The constant seepage of refugees across the Danube, beginning with the Turkish conquest and continuing intermittently until independence was achieved, might have been more debilitating to the Bulgarian national resources but for the ultimate advantages which accrued. At one time, much of the left bank of the Danube was more Bulgarian than Rumanian and principality of Wallachia came to be looked on as an extension of Bulgaria, a situation which lasted almost to the liberation. In addition to seeking asylum - which reached the proportions of an exodus following the recurrent Turkish wars with Austria and later with Russia, often accompanied by native revolts - Bulgarians were drawn by the freer economic and political climate north of the Danube, by the richly endowed Moldavian monasteries, and by the less definable attraction of Moscow as the Third Rome. But in the long run this emigration served the same function performed by Serbs in liberated Hungary and by the other South Slavs in the Hapsburg territories. Ultimately it was the Bulgarians in Transylvania, The Principalities, Bessarabia, and Odessa who were the chief agents of Bulgaria's cultural and political liberation.

In another direction also there were both losses and gains for the Bulgarian patrimony. Had the Hapsburgs been more farsighted and less involved in dynastic affairs, the problem of the Balkans and Bulgaria might have received a less Orthodox and more Austro-Slav solution. Until well into the nineteenth century the differentiation between Orthodox Serbs and Bulgarians was less than between Catholic Croats and Orthodox Serbs. Some of the earliest indications of national revival, including Paisi's "History", are found in Macedonia and western rather than eastern Bulgaria and have much in common with similar developments among the Serbs. A more vigorous and enlightened Austrian policy might have reduced Russian Orthodox inroads and had Bulgarians and Serbs looking to Vienna instead of Moscow.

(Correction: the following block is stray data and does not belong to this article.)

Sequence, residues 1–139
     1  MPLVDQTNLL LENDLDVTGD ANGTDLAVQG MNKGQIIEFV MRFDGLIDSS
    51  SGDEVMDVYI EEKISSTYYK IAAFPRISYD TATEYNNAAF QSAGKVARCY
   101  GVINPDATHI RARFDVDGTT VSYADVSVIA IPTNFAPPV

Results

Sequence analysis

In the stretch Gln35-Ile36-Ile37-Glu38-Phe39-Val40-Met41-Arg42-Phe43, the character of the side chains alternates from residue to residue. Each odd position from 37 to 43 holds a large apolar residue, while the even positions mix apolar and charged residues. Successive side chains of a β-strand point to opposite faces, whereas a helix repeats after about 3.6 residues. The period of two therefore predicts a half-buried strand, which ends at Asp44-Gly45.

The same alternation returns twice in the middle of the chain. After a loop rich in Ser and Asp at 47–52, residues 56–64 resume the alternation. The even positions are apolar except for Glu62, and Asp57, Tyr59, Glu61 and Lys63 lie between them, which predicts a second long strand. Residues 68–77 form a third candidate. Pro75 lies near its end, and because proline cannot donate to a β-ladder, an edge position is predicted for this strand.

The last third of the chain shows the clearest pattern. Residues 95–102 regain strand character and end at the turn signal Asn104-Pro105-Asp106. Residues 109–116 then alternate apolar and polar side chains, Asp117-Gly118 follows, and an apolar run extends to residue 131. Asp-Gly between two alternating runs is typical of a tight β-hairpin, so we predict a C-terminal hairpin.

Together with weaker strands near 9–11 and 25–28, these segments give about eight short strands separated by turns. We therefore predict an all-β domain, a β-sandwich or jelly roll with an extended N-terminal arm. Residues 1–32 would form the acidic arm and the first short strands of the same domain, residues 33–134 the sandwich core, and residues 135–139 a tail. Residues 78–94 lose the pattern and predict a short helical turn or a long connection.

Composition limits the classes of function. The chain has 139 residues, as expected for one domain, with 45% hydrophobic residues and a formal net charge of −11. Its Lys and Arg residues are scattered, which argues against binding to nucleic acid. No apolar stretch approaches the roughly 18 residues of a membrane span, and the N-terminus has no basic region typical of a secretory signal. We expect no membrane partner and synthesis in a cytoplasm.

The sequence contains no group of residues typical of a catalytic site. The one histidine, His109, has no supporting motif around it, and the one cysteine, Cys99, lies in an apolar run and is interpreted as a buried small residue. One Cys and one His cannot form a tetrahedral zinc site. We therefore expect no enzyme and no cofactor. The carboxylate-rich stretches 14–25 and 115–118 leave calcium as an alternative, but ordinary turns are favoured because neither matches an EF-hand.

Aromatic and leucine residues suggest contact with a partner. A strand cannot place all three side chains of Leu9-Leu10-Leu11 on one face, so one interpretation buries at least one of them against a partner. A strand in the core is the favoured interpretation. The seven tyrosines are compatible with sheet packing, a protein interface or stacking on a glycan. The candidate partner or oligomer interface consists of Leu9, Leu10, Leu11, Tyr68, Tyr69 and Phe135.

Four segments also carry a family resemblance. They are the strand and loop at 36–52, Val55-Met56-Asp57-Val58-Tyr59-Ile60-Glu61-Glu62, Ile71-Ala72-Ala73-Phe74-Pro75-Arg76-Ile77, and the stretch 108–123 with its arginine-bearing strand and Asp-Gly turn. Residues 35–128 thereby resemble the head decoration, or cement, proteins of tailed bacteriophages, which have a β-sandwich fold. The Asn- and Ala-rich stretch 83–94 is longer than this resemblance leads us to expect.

But the element which above the others siphoned off Bulgarian spiritual forces and which came closest to being fatal was Hellenism. It was not only the Moslem Turks and European Christians who confused Greek Orthodoxy and nationality; it was also the Greeks and even the Bulgarians themselves. The fact that the Greek neo-classical revival, sparked by Evgenios Vulgaris, came during the second half of the eighteenth century when Bulgarian national consciousness was at its lowest, and found sympathetic reception in both Classic and Romantic Europe made it easier for Bulgarians to succumb to its undeniably strong appeal. It is not surprising, then, to find Bulgarians participating in the Greek revolutionary "Hetairia Philike" and suffering alternately for the true Faith ("Velchova Zavera"), as the Greek Revolution and, in fact, any revolt or plot against the Turks was called. Alexander Ypsilanti might have had more success had he raised the flag of Greek Orthodoxy in Bulgaria instead of in Rumania. But the Greeks were eventually hoist by their own Hellenism. The encroachments of the Fanariotes in church and school, coupled with the unabashed greed of the Greek Church and the nationalism of the Greeks in general, flushed with their victory over the Turks and made enlightened Bulgarians realize that what was triumph for their neighbors was a further demise for the Bulgarians themselves. The reluctance of the Fanar to give up its golden eggs brought about the head-on clash between the Greek Church and the nascent Bulgarian nationalism so that the Bulgarian Church Question merely became the first phase in the battle for Bulgarian independence.